You could sense something fun was cooking during the middle of Elvis Perkins in Dearland's set. The folk band -- I'd compare 'em to Calexico and Clem Snide -- started slow but picked up steam throughout their set, thanks to a couple of gospel-tinged hoedowns and energetic percussion by drummer Nick Kinsey

Late in the set, Justin Vernon -- who wore an Elvis Perkins in Dearland T-shirt all night -- appeared just offstage, almost dancing to the music. Then he picked up a guitar and strummed along on Shampoo. Then all of Bon Iver came out and joined singer-guitarist Elvis Perkins** and company on an ecstatic, rollicking Dylanesque breakdown. Look, see? There's Vernon on the right.


Then came Bon Iver. And while Justin Vernon's For Emma, Forever Ago may be Sad Bastard Music, the live version of Bon Iver is a plugged-in wonder, and certainly not just a one-man band.

Guitarist Mike Noyce, bassist Matthew McCaughan and drummer Sean Carey were tasked with translating Vernon's solo, heavily layered tracks into a live setting -- no small assignment. But they proved to be a splendid supporting cast, so much so that Vernon (who did not stand front and center) more than yielded the spotlight to them on occasion. Carey and Noyce even took over lead vocals on a couple of songs. 

In person, Bon Iver can be as mesmerizingly intimate as on For Emma, Forever Ago -- when Vernon played a solo, acoustic Re: Stacks, the crowd was so quiet you could hear the beeps of digital cameras trying to focus, of plastic cups skittering on the floor.

But when the band plugged in, they actually kind of rocked. Wolves started quietly but crescendoed to a cacophonous audience singalong. The shimmering Babys, from the band's Blood Bank EP, was grandiose and drop-dead gorgeous. And the rueful ballad Skinny Love, probably the band's best-known song, drew applause as soon as Vernon played the opening chords on a rusty-sounding steel guitar. When the rest of the band joined in on percussion, everyone in the crowd sang with Vernon.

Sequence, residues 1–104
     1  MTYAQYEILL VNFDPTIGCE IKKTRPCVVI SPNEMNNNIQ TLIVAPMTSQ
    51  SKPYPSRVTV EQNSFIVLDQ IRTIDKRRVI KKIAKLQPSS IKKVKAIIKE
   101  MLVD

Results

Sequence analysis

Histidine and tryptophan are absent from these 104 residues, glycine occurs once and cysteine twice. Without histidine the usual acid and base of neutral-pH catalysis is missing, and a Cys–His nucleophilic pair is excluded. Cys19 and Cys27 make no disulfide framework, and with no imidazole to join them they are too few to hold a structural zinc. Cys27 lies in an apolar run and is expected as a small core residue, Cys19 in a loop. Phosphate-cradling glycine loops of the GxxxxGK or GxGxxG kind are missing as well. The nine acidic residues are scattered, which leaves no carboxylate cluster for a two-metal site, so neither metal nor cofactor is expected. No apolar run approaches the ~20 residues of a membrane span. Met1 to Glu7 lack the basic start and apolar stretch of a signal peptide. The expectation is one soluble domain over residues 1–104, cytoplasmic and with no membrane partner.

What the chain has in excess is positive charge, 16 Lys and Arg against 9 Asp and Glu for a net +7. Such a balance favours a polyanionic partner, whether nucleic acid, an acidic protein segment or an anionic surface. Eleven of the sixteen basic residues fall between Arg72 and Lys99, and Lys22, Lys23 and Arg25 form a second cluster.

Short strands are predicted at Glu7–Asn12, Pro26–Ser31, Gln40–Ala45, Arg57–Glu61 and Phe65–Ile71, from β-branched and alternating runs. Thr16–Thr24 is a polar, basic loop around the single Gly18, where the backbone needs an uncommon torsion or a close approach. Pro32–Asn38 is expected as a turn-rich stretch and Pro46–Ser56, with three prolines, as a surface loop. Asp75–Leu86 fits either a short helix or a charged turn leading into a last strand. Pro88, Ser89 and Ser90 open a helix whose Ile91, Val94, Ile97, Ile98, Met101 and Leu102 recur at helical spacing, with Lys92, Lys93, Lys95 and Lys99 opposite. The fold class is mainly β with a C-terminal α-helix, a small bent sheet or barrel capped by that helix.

And then, for the last two songs of the set, out came Elvis Perkins in Dearland, wandering around with their trombone, trumpet, sax, kazoo and clarinets during a moody Yo La Tengo cover***. They stuck around to play on the song For Emma, which ended with a glorious celebration of friendship, relief, hugs, love and happiness between both bands.

Bon Iver did come back out for an encore. "We're sort of in the neck of Tampa, Florida," Vernon said as the band huddled together and played a nearly unplugged cover of the Jayhawks' Tampa to Tulsa -- a song about a band on tour. Noyce sang lead; he and Vernon played the guitar. Carey and McCaughan harmonized. It was a spine-tingling performance.

After that, and one more song (Creature Fear), Vernon took several bows, and that was it. Bon Iver's tour was complete. You can imagine how good it felt for both them and Elvis Perkins in Dearland to be on their way home.

Actually, you dont have to imagine it. You can see the joy on their faces.


Next up in The 50-50 Club: Homemade Music Conference, June 13, Ybor City ... venues and artists TBD.

-- Jay Cridlin, tbt*

* Pronounced "Boney Vair"

** The son of Anthony Perkins, a.k.a. Psycho's Norman Bates.

*** I didn't catch the name of the Yo La Tengo cover -- do any of you know it?

[Last modified: Thursday, June 11, 2009 8:00am]